On Wednesday, February 1, the Wake Forest Center for Energy, Environment, and Sustainability (CEES) and the Biology Department aided Pilot Mountain State Park (PMSP) officials in a 130-acre prescribed burn as a part of an ongoing partnership to support protected areas.
Prescribed burns use low-intensity fire to achieve forest-management objectives in ecosystems that evolved with recurring fires and are thus dependent on controlled blazes for maintenance. These burns also limit the amount of dead wood and other natural fuels on the forest floor.
“The return of fire to an ecosystem is vital to the plant and animal communities that rely on fire for existence. For example, several tree species in the park, such as the table mountain pine and bear oak, are fire-adapted, regionally uncommon, and need fire to survive,” Jared Beaver, Wake Forest biology undergraduate student (’08) and soon-to-be Texas A&M University PhD, said. “From an ecosystem health standpoint, fire is an extremely important tool to reintroduce,” Beaver said.
The burn occurred between the hours of 11 a.m. and 4 p.m. and was led by PMSP Superintendent Matt Windsor.
Throughout the prescribed burn, Max Messinger, Wake Forest alumnus, founder of Linn Aerospace and director of the CEES-funded Small Unmanned Aerial Systems Lab, led a team flying two drones over the site. One drone held an advanced thermal imager—which measures differences in temperature on the electromagnetic spectrum—and the other drone held a high-resolution camera.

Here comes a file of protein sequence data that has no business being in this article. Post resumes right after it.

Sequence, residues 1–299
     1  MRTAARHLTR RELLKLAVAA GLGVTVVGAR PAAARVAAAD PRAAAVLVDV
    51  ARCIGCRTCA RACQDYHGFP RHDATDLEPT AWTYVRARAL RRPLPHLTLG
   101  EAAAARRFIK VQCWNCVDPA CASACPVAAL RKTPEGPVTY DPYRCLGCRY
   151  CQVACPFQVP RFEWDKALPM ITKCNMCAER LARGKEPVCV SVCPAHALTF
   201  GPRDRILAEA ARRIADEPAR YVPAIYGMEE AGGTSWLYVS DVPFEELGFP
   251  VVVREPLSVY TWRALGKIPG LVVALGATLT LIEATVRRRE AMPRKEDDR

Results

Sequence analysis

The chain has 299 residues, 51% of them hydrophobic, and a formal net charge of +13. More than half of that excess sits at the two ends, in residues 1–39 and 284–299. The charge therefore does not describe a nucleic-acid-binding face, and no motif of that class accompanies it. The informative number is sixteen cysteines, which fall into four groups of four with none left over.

During the burn, a live video feed from the drone allowed Messinger’s team and PMSP officials to view the fire in real time and better understand how fire propagates. The drones also monitored the fire line, tracked the 15-person fire team on the ground, and identified hotspots to aid in the control of the burn.
“With the drone footage, we are able to provide additional information to Pilot Mountain park officials on the ground setting the fire that was previously unavailable to them,” Messinger said.
In addition to assisting with the prescribed burn, Wake Forest is teaming with PMSP officials to conduct a deer and large mammal population survey to monitor the effects of white-tail deer populations on Piedmont ecosystems. In previous years, CEES has worked with park officials to provide aerial images used for park mapping.
“The Pilot Mountain State Park officials are tremendous to work with and we look forward to future projects and collaboration,” Beaver said.